For the A to Z blogging challenge I’ve decided to blog about the 1940′s. And in the spirit of the 1940′s, at the end of the month, I’ll be giving away an ebook copy of one of my favorite books, Summer at Tiffany, to one of my newsletter subscribers (sign-up on the sidebar if you are so inclined.) It’s a light-hearted memoir of two college girls let loose in New York City for a summer. What a hoot.


Gene Moore was a prominent window designer, reaching his stride during the 1940’s. He’d eventually land at Tiffany in New York where he gained his most fame, but for the A to Z Challenge, I’m focusing on the 1940’s when he was working at Delman’s shoe store and then at Bonwit’s.

His dream was to be a painter, but he says he would never be great. After working for a time for the Bois Smith Display Company, which made props, his work caught the eye of a display director who hired him as his assistant.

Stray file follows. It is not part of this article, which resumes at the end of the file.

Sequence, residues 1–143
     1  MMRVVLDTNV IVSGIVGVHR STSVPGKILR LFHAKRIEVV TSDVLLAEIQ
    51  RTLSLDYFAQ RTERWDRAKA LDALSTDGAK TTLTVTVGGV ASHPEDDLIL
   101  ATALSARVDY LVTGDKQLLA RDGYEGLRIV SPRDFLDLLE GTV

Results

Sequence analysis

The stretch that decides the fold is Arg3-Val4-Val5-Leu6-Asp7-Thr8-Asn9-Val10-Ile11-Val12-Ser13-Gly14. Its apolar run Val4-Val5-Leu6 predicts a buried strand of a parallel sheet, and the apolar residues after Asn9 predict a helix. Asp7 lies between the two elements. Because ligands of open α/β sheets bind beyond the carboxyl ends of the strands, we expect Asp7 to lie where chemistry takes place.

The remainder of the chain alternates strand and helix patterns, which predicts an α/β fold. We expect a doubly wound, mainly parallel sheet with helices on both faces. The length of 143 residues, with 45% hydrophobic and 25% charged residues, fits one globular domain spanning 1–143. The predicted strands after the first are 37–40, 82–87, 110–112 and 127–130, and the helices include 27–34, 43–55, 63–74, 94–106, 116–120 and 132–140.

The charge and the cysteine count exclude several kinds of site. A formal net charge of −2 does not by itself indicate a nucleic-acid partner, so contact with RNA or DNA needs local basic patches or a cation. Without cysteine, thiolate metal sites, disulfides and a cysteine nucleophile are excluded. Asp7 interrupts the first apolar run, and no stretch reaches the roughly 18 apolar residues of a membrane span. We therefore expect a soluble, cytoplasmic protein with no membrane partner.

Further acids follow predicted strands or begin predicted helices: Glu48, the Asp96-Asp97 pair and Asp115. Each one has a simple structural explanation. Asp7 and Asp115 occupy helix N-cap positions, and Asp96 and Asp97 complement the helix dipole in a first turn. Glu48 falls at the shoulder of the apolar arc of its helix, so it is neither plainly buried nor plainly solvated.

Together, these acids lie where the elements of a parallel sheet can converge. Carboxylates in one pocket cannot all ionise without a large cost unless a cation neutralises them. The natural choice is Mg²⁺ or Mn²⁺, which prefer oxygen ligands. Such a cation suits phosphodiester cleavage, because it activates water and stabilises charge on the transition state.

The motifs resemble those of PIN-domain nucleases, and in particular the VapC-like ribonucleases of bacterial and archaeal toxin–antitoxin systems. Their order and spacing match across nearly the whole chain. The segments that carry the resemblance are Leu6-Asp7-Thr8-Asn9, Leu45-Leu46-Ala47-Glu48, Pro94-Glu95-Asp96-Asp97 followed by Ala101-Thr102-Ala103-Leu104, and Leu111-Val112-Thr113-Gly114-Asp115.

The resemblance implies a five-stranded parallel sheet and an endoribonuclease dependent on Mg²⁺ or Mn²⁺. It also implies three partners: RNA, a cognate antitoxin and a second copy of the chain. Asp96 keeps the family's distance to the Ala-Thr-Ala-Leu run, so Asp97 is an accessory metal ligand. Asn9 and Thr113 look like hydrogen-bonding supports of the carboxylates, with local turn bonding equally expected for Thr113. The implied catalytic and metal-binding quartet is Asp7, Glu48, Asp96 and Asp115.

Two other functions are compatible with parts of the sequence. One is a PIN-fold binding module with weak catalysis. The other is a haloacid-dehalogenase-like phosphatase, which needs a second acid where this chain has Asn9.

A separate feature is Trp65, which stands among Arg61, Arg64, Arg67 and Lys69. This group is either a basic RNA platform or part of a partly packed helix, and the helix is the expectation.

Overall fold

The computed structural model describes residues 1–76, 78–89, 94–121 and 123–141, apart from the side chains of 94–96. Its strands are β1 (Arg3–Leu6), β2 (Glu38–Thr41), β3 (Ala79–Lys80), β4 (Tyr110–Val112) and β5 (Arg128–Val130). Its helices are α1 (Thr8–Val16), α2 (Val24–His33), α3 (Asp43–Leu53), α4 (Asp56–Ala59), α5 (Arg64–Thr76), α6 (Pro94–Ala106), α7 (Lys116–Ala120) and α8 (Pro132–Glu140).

“It was fun. It required all my imagination and then more—I had to look harder all around me, inside me, at everything. It required a kind of luck, the luck in colors and shapes and the way zany ideas suddenly make perfect sense….Display, I found, is a lot more fun than painting and a lot less lonely.” P. 16 My Time at Tiffany’s.

Soon, he had charge of his own windows, and he began to support other artist’s works. He commissioned more than 800 artists during his long career.

“I’ve always paid the artists, of course, and some of them really needed the money. Some of them, too, have gone on to become quite famous.” P. 28 My Time at Tiffany’s.

During the war years, he was rejected for service due to poor eyesight (saw everything in soft focus), but contributed to the war effort through his window displays by including bond drives and Red Cross appeals.

You can learn more about Gene Moore, window display artist, in his highly entertaining book, My Time at Tiffany’s

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